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July2012 Vol.49 Issue:      3 (Supp.) Table of Contents
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Cerebral Infarction in Tuberculosis Meningitis

Tarek Goda, Wael Mahmoud, Karam Selim, Khaled A. M. El Sharkawy

Department of Neurology, Zagazig University; Egypt



Background: Cerebral infarction secondary to infection has been reported as a complication of tuberculosis (TB) meningitis. Objective: This study was performed to investigate predictive factors for cerebral infarction in patients with TB meningitis. Patients and Methods: Between Nov 2009 and Nov 2011, we prospectively collected 22 patients with TB meningitis from Zagazig university hospitals. Their ages ranged from 22 to 60 years. Patients with TB meningitis were divided into two groups, those with and those without stroke. Demographic features and clinical, laboratory findings were compared between the two groups. Results: from 22 patients who were diagnosed with TB meningitis, seven experienced cerebral infarction. Patients with more advanced stage of the disease developed stroke more frequently, and this difference was statistically significant. Patients with positive meningeal enhancement on CT brain developed stroke more frequently than patients with negative enhancement, and this difference was also statistically significant. The percentage of cerebrospinal fluid (CSF) leukocytes (that were neutrophils) was significantly higher in patients with stroke than in patients without stroke. There were no significant differences between the groups with respect to other clinical and laboratory features. Conclusion: When treating patients with TB meningitis, the possibility of cerebral infarction should be considered in patients with advanced disease at presentation ,those with meningeal enhancement on  initial CT scan, and sustained polymorphic CSF pleocytosis. [Egypt J Neurol Psychiat Neurosurg.  2012; 49(3): 271-275]

Key Words: Tuberculosis  meningitis; Cerebral infarction;  CSF pleocytosis;

Correspondence to Tarek Gouda, Department of Neurology, Zagazig University; Egypt. Tel.: +201115606539. E-mail:



Leptomeningitis is by far the most common form of intracranial tuberculosis1. Tuberculous meningitis (TBM), remains a challenging illness for clinicians because of the difficulties involved in diagnosis and its high morbidity and mortality.2 The early diagnosis of tuberculous meningitis, however, remains difficult3, and delays in diagnosis and treatment are directly related to a poor outcome4. Complications of TB meningitis includes tuberculoma, hydrocephalus, encephalomyelopathy, radiculomyelitis, and cranial nerve palsies.2

Cerebral infarction secondary to infection has also been reported as a complication of TB meningitis. Little information concerning the clinical characteristics of patients with cerebral infarction secondary to TB meningitis has been collected.5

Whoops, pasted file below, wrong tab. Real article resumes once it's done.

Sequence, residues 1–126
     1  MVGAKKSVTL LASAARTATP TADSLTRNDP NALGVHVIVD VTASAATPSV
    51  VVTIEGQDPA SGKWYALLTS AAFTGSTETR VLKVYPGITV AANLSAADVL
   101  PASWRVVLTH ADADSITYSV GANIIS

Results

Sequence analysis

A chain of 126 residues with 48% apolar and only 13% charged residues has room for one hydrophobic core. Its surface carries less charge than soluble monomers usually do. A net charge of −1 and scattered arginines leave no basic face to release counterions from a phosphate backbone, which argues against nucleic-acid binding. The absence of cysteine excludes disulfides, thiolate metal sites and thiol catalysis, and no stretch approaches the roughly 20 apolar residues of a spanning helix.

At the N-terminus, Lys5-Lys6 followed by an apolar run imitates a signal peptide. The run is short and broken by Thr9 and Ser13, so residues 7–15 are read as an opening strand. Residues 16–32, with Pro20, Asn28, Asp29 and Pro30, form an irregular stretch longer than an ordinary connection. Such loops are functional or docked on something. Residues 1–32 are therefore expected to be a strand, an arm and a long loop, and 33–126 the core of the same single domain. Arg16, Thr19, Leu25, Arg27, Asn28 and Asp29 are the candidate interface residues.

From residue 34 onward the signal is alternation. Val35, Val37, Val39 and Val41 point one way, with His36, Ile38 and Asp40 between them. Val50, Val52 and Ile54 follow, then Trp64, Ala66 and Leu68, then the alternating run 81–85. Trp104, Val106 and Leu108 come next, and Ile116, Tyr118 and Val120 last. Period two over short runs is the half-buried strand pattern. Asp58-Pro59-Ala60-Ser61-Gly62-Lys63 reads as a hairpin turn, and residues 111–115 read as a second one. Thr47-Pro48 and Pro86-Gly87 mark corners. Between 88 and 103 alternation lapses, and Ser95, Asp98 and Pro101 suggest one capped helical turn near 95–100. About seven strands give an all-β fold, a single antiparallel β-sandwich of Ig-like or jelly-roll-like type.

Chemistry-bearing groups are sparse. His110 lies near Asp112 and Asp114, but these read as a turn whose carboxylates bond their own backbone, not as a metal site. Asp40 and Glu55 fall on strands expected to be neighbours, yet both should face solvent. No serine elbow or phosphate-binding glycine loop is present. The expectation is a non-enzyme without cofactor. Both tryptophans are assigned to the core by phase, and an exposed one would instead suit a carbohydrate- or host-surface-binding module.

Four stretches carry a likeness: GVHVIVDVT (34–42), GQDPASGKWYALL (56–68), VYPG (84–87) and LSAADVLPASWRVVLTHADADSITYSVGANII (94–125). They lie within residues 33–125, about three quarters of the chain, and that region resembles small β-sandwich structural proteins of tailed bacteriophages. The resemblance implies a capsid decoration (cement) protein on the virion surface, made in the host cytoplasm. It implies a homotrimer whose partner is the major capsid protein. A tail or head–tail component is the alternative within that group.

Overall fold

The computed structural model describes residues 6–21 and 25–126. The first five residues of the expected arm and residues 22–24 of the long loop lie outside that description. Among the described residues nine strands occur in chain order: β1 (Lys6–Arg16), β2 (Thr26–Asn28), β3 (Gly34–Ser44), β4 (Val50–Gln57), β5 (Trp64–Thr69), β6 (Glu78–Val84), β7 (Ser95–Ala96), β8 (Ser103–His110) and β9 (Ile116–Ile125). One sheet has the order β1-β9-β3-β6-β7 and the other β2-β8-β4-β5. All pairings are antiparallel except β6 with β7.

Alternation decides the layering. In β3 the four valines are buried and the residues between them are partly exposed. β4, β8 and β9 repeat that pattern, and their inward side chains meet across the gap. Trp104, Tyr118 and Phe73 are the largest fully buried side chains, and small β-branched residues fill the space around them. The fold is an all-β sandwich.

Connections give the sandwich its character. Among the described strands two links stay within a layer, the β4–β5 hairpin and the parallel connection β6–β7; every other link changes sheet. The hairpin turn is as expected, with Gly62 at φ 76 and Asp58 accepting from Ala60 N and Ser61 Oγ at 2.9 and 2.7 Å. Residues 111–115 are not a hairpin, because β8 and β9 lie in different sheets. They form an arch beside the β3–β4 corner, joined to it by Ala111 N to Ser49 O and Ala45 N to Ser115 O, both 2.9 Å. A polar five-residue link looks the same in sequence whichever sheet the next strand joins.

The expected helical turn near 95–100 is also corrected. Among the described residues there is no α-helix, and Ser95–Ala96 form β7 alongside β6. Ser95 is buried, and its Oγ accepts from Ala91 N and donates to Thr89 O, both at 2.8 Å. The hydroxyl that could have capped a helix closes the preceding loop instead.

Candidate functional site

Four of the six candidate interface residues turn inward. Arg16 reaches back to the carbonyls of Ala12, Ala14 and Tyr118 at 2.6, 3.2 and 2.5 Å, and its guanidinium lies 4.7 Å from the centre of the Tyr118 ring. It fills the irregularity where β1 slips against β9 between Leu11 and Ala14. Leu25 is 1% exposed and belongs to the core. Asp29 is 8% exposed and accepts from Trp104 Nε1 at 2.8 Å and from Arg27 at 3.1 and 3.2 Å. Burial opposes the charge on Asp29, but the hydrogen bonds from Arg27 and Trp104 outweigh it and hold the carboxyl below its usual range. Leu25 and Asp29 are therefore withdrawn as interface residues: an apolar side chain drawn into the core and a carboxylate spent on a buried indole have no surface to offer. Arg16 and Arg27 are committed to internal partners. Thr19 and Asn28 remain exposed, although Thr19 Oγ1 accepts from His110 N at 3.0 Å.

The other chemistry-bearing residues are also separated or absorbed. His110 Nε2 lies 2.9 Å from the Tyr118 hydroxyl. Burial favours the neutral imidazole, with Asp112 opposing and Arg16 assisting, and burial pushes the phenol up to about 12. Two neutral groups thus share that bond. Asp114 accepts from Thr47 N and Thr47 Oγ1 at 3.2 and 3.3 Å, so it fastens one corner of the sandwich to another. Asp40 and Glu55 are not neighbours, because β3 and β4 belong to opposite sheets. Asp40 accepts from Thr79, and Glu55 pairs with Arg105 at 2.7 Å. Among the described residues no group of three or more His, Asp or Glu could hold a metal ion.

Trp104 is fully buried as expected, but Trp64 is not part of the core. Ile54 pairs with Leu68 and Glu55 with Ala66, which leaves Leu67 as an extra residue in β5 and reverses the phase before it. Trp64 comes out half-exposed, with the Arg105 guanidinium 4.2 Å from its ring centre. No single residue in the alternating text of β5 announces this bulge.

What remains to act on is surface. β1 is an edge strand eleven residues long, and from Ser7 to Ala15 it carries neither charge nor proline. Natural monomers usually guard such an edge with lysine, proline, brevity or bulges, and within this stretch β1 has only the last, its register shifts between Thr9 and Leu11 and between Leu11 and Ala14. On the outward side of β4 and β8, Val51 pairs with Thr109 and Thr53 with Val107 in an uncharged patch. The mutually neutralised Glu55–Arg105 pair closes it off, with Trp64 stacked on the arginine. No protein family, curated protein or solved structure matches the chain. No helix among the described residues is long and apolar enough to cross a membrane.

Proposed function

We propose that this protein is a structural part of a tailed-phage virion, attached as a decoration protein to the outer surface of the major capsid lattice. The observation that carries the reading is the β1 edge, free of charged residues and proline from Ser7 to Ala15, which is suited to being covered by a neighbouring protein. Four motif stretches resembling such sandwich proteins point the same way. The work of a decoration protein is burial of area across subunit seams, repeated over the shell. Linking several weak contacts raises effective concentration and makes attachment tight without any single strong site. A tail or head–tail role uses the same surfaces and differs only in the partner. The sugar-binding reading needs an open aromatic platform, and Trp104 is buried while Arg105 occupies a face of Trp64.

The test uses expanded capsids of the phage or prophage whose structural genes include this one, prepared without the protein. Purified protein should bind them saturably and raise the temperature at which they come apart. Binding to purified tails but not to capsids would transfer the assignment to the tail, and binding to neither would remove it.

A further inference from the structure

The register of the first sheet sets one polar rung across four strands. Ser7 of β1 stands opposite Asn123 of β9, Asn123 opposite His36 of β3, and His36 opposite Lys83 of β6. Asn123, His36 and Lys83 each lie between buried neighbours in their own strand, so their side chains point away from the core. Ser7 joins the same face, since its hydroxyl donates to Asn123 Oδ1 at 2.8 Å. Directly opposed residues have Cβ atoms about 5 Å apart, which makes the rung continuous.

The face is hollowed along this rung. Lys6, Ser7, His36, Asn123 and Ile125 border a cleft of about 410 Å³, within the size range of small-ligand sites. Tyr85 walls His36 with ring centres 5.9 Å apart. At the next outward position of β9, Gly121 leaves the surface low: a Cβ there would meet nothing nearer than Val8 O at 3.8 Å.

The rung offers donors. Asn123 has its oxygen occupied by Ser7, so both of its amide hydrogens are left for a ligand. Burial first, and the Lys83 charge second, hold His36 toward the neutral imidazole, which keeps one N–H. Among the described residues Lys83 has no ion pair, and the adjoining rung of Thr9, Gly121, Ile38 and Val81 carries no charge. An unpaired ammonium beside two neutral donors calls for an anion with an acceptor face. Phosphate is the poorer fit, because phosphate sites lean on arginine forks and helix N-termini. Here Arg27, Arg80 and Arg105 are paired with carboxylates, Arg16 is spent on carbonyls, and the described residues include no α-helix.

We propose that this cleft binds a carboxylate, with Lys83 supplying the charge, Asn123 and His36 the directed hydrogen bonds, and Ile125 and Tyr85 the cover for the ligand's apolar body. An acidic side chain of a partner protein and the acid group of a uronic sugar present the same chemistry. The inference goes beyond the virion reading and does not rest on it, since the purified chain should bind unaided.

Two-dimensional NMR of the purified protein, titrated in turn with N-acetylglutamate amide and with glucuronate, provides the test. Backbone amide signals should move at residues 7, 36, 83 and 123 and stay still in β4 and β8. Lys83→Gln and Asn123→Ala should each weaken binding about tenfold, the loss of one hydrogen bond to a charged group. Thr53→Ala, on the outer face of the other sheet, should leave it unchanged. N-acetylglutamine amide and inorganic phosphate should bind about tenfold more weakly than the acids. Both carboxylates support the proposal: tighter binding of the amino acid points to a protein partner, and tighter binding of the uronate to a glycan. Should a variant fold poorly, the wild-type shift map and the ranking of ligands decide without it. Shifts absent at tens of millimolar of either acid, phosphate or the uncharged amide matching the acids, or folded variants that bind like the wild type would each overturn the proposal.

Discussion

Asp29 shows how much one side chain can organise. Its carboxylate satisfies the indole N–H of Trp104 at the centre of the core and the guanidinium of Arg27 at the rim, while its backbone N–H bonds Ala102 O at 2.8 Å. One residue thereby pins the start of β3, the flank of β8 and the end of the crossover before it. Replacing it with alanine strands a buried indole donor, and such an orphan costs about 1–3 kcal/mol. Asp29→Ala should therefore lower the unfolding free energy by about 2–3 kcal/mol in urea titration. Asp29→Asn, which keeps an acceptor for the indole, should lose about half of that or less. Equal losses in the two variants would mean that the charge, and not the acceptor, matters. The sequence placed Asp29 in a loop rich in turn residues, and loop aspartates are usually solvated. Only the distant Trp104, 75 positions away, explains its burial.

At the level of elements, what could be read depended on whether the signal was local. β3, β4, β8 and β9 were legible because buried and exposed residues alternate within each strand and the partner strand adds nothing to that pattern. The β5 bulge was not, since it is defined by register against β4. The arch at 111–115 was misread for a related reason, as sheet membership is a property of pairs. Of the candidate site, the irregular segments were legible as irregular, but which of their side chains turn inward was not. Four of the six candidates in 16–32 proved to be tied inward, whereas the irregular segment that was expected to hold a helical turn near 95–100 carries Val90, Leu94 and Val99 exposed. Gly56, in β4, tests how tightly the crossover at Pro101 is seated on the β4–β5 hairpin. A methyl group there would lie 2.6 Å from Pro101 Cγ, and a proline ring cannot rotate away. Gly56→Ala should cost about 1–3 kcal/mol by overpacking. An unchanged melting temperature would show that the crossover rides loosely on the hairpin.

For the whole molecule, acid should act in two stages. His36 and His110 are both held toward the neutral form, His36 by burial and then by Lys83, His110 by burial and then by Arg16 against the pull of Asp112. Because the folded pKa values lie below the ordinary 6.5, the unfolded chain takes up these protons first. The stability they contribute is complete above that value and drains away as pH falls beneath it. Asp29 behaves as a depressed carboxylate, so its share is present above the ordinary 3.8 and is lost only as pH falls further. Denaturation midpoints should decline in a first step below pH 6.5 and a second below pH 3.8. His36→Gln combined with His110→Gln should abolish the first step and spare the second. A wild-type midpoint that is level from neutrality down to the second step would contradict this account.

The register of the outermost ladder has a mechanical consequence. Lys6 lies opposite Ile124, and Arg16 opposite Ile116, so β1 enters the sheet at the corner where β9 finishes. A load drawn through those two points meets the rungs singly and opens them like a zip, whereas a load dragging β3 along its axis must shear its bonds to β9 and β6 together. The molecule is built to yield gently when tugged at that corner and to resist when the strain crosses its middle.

The aim of the present study is to assess predictive factors for development of cerebral infarction in patients with TB meningitis.




Between November 2009 and November 2011, we prospectively collected 22 patients with TB meningitis from neurology and internal medicine departments in Zagazig university hospitals. Their ages

ranged from 22 to 60 years (Mean±SD = 50±2.3). 22 Patients (12 males, 10 females) were subjected to the following:

1-        Urgent brain CT scans before lumbar puncture.

2-         Lumber puncture and cerebrospinal fluid (CSF) analysis.

3-        Urgent brain CT studies were repeated when neurological deterioration occurred.


Exclusion criteria: A previous history of cerebrovascular disease, hypertension ,diabetes mellitus, hyperlipidemia, structural heart disease, coagulation disorder. All patients provided informed consent for the study.


We graded the severity of meningitis at the time of admission according to medical research council 6:

*       Stage I for meningeal signs only, no focal neurological findings and normal mental state.

*       Stage II for confusion or focal neurological findings.

*       Stage III for stupor or coma with hemiplegia or paraplegia.


Therapeutic regimens for TB meningitis were initiated within 24 hours after admission. The regimen for TB meningitis treatment consisted of:

0-      Standardized antituberculous medications (isoniazid, rifampicin, pyrazinamide, and ethambutol).

2-      Systemic steroids (6-week course) for all patients (dexamethasone 16 mg daily) (8 mg iv BID) for 1 week, gradually tapering off over 5 weeks.7


Diagnosis of TB meningitis was based on either: (a) isolation of Mycobacterium tuberculosis in one or more CSF cultures or positive polymerase chain reaction (PCR) test with clinical features of chronic meningitis.  OR (b) isolation of M. tuberculosis from outside the CNS, with a clinical presentation of chronic meningitis, and typical CSF features.8


Patients were classified into two groups:

0-        Patients who developed stroke. 

2-            Patients who did not develop stroke.


All patients with cerebral infarction secondary to TB meningitis were diagnosed by development of new-onset focal neurological signs and consistent follow-up neuroimaging findings. All patients with stroke risk factors were excluded from the study. We compared the clinical and laboratory findings of the patients who did and did not develop stroke. Clinical findings included age, sex, time between meningitis onset and treatment initiation. Laboratory findings included complete blood cell count, CSF findings (pressure, white blood cell (WBC) count, neutrophil percentage, protein, and glucose) were reported.  Meningeal enhancement on the initial brain CT scan was also reported.


Statistical Analysis:

T-test and Fisher exact test were performed using SPSS software (version 10.0; SPSS, Chicago, IL, USA). We took p value at or below 0.05 to indicate significance.




-        CSF polymorphic pleocytosis was found more in patients with stroke than patients without stroke. The difference was statistically significant (P-value=0.00). No statistically significant differences in other CSF findings (Table 1).    

-        Patients with more advanced stage of the disease developed stroke more frequently than patients with earlier stage of disease, and this difference was statistically significant (P value=0.02) (Table 2).

-        Patients with positive meningeal enhancement on initial CT brain developed stroke more frequently than patients with negative enhancement, and this difference was statistically significant (P-value=0.05) (Table 3).


Table 1. Clinical and laboratory data in stroke and non-stroke group.




with  stroke


without stroke


Time between meningitis onset and treatment initiation (days)




Peripheral blood WBCs count (cells/mm3)




CSF pressure(cm H2O)




CSF WBCs (cells/mm3)




CSF neutrophil %




CSF protein (mg/dL)




CSF glucose (mg/dL)




* Significant at P<0.01


Table 2. Relationship between stage of the disease and development of tuberculous infarction.


Stage of disease



Patients with stroke


Patients without stroke



Stage 1








7 (77.7%)





0 (0%)